#1
Where can i learn how to compose music?

I know very little about this subject and small bits of theory. Any good sites to learn
from the basics to advanced music composition (in general or any particular genre)?

Any good books/dvds etc recommended?

Thanks in advance, any help much appreciated.

I know this site has heaps of stuff, obviously, looking for other sources.
Last edited by .esp.rock. at Jul 27, 2008,
#2
i learned everything here but all the music writing ability i have is from listening to music and throwing ideas around with friends/band i know this probally won't help but w/e
#3
^^^Thanks for the input,
Yeah I might try analyzing songs and sounds I like and how they're made. And also ask some of my guitarist friends about this topic.
#4
Learning more theory would be a good start. The way some composers write music is to imagine something in their heads and then write it down. This takes a lot of skill and work so don't expect to be able to do that just off the top of your head. Brush up on theory and ear training and once you get good enough then you can take a shot at composition.

As for getting around writer's block, listen to music by people you've never listened to before.
#5
Alrighty, looks like after all school work is finished theres gonna be a huge amount of theory study. Once that's done it'll all be good as I listen to enough variety of music (classical, classic rock, reggae, death metal/black metal, instrumental, prog etc) to have fresh thoughts, I just need a way to get them to paper.
#6
Quote by .esp.rock.
I just need a way to get them to paper.


Work on ear training a lot.
#7
My two favorite books on the topic are Fux's Gradus Ad Parnassum for the rudiments of counterpoint and Schoenberg's Fundamentals of Musical Composition for insights on form and motivic development. Also, it is worth noting that books only serve properly as guides and that if one wants to learn to compose not only well, but with absolute artistic control, that they would have to "practice" composition by isolating ideas and developing them. (The beginning of the Schoenberg book goes over this in depth)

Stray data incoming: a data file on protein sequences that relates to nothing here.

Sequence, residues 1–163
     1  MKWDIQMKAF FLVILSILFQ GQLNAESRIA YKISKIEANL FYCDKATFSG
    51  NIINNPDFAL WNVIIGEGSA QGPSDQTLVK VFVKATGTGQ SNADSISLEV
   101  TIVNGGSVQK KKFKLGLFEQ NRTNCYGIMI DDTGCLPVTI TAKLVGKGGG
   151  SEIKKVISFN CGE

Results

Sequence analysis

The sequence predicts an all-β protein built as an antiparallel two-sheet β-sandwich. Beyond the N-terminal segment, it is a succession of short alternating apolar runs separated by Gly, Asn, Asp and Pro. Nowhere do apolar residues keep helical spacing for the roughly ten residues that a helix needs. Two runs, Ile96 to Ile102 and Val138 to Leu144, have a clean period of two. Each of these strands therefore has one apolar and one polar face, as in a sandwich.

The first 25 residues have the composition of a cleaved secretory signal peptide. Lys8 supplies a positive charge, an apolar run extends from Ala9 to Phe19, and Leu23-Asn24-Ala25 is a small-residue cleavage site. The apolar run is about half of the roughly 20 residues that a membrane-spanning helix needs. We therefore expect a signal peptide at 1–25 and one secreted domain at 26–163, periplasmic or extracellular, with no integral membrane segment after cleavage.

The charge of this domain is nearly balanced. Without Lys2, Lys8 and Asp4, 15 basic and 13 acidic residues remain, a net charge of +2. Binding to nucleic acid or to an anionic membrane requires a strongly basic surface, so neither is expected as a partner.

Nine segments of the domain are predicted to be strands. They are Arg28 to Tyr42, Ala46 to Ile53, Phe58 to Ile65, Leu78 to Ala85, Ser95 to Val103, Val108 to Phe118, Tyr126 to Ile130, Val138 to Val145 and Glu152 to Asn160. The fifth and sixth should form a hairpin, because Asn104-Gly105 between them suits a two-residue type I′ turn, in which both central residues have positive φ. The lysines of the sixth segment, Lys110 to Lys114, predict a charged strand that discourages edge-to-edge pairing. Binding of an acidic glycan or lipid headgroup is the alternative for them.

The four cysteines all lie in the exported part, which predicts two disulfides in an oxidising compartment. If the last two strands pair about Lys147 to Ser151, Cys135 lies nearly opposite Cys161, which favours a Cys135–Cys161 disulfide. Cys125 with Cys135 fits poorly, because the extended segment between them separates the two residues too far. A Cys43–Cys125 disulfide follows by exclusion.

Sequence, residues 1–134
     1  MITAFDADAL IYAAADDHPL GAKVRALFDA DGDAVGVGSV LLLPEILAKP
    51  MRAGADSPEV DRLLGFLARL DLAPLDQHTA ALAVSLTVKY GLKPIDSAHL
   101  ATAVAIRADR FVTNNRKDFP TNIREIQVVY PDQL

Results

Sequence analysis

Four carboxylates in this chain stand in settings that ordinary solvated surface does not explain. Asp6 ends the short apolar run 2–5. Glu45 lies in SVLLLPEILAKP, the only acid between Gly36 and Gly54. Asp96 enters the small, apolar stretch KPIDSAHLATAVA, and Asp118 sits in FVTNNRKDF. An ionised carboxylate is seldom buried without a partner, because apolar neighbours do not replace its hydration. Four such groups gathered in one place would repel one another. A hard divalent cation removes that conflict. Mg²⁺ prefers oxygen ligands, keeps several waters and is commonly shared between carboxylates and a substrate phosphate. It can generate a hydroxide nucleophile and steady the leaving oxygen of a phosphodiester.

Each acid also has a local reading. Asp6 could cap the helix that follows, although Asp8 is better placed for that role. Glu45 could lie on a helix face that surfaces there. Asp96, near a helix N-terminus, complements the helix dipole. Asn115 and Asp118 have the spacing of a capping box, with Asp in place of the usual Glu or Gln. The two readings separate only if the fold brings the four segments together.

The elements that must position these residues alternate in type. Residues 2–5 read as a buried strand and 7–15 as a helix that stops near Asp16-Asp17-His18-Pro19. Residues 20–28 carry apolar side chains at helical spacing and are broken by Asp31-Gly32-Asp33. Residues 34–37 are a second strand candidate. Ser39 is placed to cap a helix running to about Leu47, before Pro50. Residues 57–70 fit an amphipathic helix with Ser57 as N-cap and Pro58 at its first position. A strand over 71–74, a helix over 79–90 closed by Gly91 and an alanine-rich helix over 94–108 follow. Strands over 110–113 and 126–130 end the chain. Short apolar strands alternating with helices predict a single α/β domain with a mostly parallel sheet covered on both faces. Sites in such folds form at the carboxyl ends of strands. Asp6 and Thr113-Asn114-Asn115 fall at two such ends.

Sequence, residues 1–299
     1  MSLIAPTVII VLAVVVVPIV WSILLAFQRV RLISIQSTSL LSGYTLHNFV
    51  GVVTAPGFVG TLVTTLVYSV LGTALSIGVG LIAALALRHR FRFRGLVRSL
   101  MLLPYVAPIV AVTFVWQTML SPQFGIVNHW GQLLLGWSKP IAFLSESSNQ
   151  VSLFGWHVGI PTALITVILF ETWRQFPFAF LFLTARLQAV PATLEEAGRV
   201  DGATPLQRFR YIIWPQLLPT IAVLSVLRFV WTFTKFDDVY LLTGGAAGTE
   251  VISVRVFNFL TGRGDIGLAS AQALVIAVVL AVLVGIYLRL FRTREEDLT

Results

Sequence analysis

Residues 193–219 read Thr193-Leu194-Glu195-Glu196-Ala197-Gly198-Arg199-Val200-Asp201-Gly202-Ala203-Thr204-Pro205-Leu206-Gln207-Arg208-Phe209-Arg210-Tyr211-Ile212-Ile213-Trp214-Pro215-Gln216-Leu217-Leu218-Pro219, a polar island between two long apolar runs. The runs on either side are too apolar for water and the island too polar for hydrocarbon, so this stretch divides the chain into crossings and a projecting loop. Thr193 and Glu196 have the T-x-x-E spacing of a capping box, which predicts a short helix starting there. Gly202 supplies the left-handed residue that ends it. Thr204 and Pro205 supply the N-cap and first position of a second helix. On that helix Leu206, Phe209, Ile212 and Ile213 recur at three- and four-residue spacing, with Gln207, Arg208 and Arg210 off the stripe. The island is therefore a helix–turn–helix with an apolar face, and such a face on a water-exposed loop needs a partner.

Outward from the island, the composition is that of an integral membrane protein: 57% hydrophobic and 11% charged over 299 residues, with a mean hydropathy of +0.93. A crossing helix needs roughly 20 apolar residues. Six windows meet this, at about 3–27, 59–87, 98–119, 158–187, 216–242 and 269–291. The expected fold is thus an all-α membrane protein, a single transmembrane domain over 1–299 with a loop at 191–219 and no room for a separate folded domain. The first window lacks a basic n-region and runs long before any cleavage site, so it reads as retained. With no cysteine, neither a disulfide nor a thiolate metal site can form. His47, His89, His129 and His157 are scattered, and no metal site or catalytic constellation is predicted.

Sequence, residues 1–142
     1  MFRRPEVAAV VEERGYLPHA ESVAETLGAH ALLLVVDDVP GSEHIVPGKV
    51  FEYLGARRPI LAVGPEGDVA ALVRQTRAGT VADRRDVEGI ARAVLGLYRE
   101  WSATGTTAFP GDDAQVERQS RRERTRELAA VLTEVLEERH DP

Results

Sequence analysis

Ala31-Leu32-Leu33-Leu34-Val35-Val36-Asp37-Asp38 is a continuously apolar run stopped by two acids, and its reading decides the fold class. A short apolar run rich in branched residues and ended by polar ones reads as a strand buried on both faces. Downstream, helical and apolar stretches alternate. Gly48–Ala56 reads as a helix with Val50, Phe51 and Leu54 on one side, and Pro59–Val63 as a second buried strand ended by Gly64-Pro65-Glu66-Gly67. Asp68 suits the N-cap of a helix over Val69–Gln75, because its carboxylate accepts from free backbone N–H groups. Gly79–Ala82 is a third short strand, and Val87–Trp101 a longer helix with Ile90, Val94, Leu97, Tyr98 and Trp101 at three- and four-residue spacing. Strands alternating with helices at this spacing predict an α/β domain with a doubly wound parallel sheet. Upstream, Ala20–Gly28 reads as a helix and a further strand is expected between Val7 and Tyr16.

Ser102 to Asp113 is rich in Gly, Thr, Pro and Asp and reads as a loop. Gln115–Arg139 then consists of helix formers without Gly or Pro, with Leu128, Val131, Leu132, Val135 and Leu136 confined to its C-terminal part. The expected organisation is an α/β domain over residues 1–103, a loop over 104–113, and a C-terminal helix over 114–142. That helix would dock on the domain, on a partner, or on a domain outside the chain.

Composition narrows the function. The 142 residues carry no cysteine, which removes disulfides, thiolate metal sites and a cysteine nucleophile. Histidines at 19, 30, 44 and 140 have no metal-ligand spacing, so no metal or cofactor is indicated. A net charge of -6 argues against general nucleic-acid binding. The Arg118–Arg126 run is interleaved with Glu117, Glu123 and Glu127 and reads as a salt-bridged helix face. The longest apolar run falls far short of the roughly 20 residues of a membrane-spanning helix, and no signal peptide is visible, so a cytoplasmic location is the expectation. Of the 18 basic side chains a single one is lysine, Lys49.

And here is a heads up, your first compositions will not be masterworks, in fact, you will have a lot of trouble even getting anything you like remotely out on paper.
#8
Quote by Erc
My two favorite books on the topic are Fux's Gradus Ad Parnassum for the rudiments of counterpoint and Schoenberg's Fundamentals of Musical Composition for insights on form and motivic development. Also, it is worth noting that books only serve properly as guides and that if one wants to learn to compose not only well, but with absolute artistic control, that they would have to "practice" composition by isolating ideas and developing them. (The beginning of the Schoenberg book goes over this in depth)

And here is a heads up, your first compositions will not be masterworks, in fact, you will have a lot of trouble even getting anything you like remotely out on paper.

I almost got an erection reading that for some reason. It sounds really advanced. I probably wouldn't understand a word. I'm in the same boat as the TS though so i'm gonna look for a download *cough* i mean a store online that sells them for free *cough* i mean gives royalties to the rightful creators.
“Science cannot solve the ultimate mystery of nature. And that is because, in the last analysis, we ourselves are part of nature and therefore part of the mystery that we are trying to solve.”


-Max Planck

☮∞☯♥
#9
I'll second Erc's recommendation on books; complicated as they may sound, the real key is putting the ideas into some form of real application.
Quote by metal4all
I almost got an erection reading that for some reason.



*leaves*
#10
Those books are good I'd also reccomend them, hell I just read the first page of one and learned that theres such a thing as perfect and imperfect consonances.
#11
Quote by _paradox_
Those books are good I'd also reccomend them, hell I just read the first page of one and learned that theres such a thing as perfect and imperfect consonances.

Perfect Consonance: P5, P8
Imperfect Consonance: M3, m3, M6, m6
Variable Consonance: P4

Other intervals are dissonant.


I learned that from: http://www.amazon.com/Jazzology-Encyclopedia-Jazz-Theory-Musicians/dp/0634086782/ref=pd_bbs_sr_1?ie=UTF8&s=books&qid=1196628814&sr=1-1

Just the little excerpt you can look at from the site shows you that. I want to buy the book.
“Science cannot solve the ultimate mystery of nature. And that is because, in the last analysis, we ourselves are part of nature and therefore part of the mystery that we are trying to solve.”


-Max Planck

☮∞☯♥